Alexander M. Haig, secretary of state at the time, met with Nimeri during Sadat's funeral in Cairo and sent Robert C. McFarlane, now President Reagan's national security affairs adviser, to Khartoum to assesss the situation. The outcome was a U.S. military and economic aid program starting in 1982 of $200 million to $300 million annually, part of the larger IMF-sponsored package providing Sudan $750 million in western aid and $750 million in debt relief each year.

The package involved massive rescheduling of Sudan's $8 billion to $9 billion accumulated debt and was "almost a precedent in dealing with the LDCs [less developed countries]," a U.S. official said.

The problem was Nimeri's drive to impose Islam, which began in earnest in September 1983. It soon upset Sudan's economic system as he sought to apply Islamic economic principles to taxation and the budget. By mid-1984, Nimeri had plunged Sudan into what one official described as "a major financial crisis" and virtually all western donors were holding back on disbursing their funds.

"They could no longer keep to the IMF targets," another State Department source said. The IMF, in turn, ended its assistance, and the whole package fell apart.

"Then the question was how to put Humpty Dumpty back together again," the source said.

Throughout November and early December, U.S. policy makers dealing with Sudan debated whether to freeze $102 million in economic support funds earmarked for the 1984 fiscal year but still unspent and what to do about the $112 million in similar aid set aside for fiscal 1985.

Around mid-December, they decided that the United States would not free the money because the whole $750 million IMF-sponsored debt relief plan had gone awry, according to the source.

"The pieces weren't working together," he said.

Since then, no economic support funds have been released except for two specific items: $15 million for jute bags needed for the 1985 cotton crop and $4.5 million for a new variety of sorghum seeds.

The "freeze," as State Department officials are calling it, has not affected the U.S. regular economic assistance program to Sudan of $28 million this fiscal year, the $45 million military assistance program or the sending of emergency food to aid refugees. As of December, the United States had sent 82,000 tons of grain worth $20 million and earmarked an additional $50 million for food assistance this year, according to State Department officials.

Further, Sudan is likely to get some of the $235 million the administration is asking for in supplementary assistance for drought-affected African nations.

The problem remains, however, of what to do about the overall economic crisis and whether to continue helping an ally that by all accounts is falling into ever deeper trouble.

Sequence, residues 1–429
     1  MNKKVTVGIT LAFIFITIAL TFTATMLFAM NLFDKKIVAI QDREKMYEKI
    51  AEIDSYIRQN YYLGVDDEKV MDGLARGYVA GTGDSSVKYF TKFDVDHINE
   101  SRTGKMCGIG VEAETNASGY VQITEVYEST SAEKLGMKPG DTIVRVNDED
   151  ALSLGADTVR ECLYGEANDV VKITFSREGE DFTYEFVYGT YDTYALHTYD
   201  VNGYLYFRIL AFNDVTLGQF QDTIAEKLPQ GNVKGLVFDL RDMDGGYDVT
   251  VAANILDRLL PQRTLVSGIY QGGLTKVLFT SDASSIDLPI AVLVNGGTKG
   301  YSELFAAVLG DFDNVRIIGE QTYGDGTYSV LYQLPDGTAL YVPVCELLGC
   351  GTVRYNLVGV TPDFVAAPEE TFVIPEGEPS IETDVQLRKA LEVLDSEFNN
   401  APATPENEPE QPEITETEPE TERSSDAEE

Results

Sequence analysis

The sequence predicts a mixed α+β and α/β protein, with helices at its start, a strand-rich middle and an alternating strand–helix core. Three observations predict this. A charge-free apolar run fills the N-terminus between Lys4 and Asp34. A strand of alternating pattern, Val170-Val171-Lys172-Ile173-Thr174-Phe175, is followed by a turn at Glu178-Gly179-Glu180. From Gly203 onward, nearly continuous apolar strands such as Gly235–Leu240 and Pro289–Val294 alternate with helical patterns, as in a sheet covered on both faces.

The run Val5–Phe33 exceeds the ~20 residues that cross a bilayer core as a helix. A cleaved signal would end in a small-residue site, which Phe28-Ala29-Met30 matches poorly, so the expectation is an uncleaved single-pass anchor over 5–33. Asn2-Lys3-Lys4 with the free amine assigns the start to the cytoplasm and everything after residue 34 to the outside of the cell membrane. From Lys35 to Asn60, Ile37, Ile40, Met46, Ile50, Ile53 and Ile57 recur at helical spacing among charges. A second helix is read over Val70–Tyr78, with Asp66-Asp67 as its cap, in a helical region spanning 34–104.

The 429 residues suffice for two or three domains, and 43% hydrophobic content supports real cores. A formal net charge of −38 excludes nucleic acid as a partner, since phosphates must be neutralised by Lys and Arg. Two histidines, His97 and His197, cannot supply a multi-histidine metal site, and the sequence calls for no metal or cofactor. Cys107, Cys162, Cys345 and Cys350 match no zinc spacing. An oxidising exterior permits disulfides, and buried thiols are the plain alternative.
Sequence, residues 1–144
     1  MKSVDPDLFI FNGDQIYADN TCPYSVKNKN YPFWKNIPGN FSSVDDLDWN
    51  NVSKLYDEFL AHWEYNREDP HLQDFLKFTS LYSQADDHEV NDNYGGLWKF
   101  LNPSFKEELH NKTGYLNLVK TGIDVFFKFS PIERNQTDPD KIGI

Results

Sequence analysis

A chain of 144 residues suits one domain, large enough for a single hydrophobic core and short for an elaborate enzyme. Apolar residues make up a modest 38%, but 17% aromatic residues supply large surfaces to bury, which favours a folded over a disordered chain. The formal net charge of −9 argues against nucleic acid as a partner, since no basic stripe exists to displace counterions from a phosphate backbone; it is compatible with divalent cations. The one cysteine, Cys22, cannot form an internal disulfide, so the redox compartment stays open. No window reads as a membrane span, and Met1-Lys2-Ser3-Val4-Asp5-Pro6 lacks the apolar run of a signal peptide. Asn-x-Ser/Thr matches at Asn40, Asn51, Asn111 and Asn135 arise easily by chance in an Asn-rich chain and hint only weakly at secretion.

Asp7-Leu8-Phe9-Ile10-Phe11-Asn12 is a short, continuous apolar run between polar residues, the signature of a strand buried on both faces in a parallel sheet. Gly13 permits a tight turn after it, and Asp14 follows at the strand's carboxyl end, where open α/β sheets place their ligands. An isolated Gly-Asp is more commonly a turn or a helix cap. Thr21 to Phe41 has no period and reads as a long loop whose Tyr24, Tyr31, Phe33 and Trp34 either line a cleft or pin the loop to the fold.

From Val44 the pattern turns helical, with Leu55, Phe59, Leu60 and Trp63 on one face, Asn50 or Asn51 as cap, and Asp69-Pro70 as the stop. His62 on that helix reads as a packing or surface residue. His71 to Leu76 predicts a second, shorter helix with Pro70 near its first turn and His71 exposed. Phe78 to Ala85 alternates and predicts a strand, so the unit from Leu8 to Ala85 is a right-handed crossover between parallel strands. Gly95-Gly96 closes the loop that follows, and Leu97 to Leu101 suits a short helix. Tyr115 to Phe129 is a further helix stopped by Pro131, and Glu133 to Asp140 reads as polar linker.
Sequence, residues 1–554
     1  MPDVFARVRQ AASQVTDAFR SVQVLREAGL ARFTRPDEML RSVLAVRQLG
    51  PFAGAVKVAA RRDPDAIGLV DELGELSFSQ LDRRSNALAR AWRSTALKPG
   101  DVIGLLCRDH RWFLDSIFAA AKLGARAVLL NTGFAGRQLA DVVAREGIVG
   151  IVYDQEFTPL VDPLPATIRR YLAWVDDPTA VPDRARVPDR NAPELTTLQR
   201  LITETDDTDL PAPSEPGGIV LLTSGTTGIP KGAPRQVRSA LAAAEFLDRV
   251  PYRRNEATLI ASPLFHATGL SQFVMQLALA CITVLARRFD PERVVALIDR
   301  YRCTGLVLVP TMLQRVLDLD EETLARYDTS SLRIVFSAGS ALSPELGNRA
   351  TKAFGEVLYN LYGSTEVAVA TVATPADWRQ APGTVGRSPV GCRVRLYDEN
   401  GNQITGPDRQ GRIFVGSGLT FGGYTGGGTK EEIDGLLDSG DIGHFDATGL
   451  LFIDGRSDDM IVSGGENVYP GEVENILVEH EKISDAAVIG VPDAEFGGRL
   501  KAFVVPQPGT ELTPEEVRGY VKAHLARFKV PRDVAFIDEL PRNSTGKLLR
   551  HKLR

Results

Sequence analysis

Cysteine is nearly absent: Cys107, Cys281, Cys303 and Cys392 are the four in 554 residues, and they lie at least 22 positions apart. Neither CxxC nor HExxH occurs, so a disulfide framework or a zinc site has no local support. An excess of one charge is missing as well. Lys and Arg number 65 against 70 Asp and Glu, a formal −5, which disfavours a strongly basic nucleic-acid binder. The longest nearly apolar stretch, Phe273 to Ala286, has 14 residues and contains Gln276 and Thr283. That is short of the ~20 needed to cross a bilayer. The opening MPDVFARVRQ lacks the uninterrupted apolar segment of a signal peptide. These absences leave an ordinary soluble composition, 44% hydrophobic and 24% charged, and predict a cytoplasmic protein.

Recently Nimeri is said to have told a visitor that he could not accept stringent conditions in return for desperately needed foreign financial aid because of growing public grumbling about shortages.

"Any day now I expect a corporal to march in and shoot me," he was reported to have said.

Like West European donors, the United States is waiting to see the outcome of new negotiations that have just begun between the IMF and Sudan before resuming releasing any furthur economic support funds.

An IMF team visited Khartoum in mid-January, but a spokesman refused to comment on the state of the talks, indicating, however, that they were in a delicate stage.

A Sudanese Embassy spokesman said the Sudan government was "trying very hard" to meet IMF demands for basic economic reforms and cited Nimeri's decision last week to devalue the Sudanese pound by 20 percent. But he said the drought and refugee problems made it "very hard" for Sudan to catch up on its arrears.

Sudan was supposed to pay about $1.5 billion this year just to service its outstanding debt and repay about $264 million in 1984 arrears. But there is no way it can meet these obligations in its current economic condition.

The larger, long-term problem facing the Reagan administration, Egypt and other western donors is whether, and if so, how, to continue aiding Nimeri.

Staff members of the Senate Foreign Relations Committee and the House Foreign Affairs Committee say U.S. policy toward Sudan is likely to come under close scrutiny in the coming months when the administration submits its new foreign aid bill to Congress. The issue, several said, has not become a topic of major concern yet, although the House subcommittee on Africa held hearings last March on Sudan and has tried to block some military aid.

The consensus is that the administration will continue to support the Nimeri regime "come hell or high water," as one staff official put it. "The administration argues a very strong position on the Sudan and Nimeri. It's not going to back away.